Last Updated:Friday - 09/24/2010
September 10, 2003
WCR Letters to the Editor
Cast a glance back at the cost of 'social change'
In Bishop Fred Henry's commentary in the Aug. 25 WCR, he tells how a spokesperson has stated that Prime Minister Jean Chretien must serve all Canadians, not just his Church.
This is a tremendous relief to me. I had thought Chretien was really going to implement the legalization of same-sex "marriages." I am glad he is going to consider the good of Canadian society.
Fifty years ago it seemed logical that loosening the divorce laws would be compassionate for those struggling in unhappy marriages, but have little effect on society as a whole. Even the children, it was said, would benefit if released from unhappy homes.
Well, we now see that children are not better off. Studies consistently show that children from broken families more often live in poverty, are twice as likely to drop out of school, have much greater risks of alcoholism, drug addiction and teen pregnancy.
The suicide rate for kids from broken homes is three times that of kids who live with both biological parents. Seventy per cent of kids in juvenile reform institutions are from broken homes. Easier divorce laws did, in fact, affect society as a whole in ways that were not expected.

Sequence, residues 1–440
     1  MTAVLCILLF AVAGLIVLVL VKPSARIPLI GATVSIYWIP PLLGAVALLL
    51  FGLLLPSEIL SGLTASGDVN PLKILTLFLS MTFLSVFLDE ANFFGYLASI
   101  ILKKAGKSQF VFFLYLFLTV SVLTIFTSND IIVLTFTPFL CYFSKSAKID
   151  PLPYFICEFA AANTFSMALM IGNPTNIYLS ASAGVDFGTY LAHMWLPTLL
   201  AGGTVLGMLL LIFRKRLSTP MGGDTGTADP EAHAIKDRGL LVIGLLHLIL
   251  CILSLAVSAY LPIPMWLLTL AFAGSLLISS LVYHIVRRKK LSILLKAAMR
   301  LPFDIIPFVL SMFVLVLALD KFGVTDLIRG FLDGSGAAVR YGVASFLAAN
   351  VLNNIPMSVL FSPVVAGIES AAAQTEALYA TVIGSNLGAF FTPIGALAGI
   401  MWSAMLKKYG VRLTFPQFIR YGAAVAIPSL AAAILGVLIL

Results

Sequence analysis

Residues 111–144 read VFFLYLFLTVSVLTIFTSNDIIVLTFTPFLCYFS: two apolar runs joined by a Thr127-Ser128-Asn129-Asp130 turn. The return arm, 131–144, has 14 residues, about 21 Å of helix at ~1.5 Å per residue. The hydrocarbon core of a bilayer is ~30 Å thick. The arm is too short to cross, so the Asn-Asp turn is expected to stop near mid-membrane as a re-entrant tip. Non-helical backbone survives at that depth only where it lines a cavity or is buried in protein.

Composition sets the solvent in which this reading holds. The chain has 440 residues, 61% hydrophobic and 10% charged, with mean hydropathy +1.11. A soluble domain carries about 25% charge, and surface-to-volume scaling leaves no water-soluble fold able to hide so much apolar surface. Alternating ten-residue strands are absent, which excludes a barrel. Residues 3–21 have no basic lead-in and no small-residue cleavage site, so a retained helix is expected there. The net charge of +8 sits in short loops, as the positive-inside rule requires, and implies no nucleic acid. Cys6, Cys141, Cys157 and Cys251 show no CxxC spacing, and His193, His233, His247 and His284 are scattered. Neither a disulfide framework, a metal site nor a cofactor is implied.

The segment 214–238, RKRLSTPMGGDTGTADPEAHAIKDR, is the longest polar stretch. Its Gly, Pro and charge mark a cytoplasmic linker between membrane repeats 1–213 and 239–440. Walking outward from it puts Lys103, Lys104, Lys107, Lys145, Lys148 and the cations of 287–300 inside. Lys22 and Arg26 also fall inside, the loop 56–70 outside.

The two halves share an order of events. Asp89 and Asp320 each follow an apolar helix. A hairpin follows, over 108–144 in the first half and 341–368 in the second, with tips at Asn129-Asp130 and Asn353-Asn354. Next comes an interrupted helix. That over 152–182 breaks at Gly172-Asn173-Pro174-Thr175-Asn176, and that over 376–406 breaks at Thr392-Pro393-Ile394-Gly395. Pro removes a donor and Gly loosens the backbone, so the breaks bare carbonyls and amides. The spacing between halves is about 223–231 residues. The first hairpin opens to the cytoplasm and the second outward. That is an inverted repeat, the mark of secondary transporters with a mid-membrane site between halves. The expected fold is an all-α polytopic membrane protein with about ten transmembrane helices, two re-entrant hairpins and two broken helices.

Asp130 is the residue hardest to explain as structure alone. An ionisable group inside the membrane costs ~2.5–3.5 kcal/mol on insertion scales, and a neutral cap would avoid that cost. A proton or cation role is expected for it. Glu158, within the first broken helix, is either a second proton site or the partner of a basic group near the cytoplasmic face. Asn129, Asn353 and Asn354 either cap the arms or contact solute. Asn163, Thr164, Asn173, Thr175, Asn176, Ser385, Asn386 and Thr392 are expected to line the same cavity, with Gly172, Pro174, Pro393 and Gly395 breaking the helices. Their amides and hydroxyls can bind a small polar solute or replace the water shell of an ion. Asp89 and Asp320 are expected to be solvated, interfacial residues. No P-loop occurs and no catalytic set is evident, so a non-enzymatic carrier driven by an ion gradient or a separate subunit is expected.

Then, 40 years ago, the pill was going to liberate society. It would give women control, strength and freedom. Every child would be a wanted child and child abuse would be non-existent. It would strengthen marriages. We would all be happier and freer.
Pope Paul VI stood alone against the world in 1968 and, Humanae Vitae said that allowing artificial contraception would weaken marriages and increase the divorce rate. This has happened. In fact, the divorce rate has increased to 50 per cent for couples who use artificial contraception as opposed to four per cent for those using natural family planning.
Paul VI said that children would be devalued and all forms of child abuse, including abortion, would increase. This has happened.
He said that men would look upon women, not as people worthy of care and respect, but as objects for their own enjoyment. Women would not be empowered, Pope Paul said, but would be degraded and become more vulnerable. And this has happened.
Paul VI also prophesied something that no one imagined. He said governments would impose upon their people the method of contraception which they, the government, judged to be most efficacious. Of course, this has been happening in China since the 1980s with its enforced contraception, sterilization, abortion and infanticide laws and practices.
Now Chretien is talking about changing the legal definition of marriage to "a union between two persons," rather than "a union between one man and one woman."
Much of the reaction I hear goes like this: "Who can it hurt? It won't affect the rest of us. It can only create more happy, strong families."
But I affirm that this decision will cause irreparable and disastrous harm to all of us in ways that we cannot even imagine.
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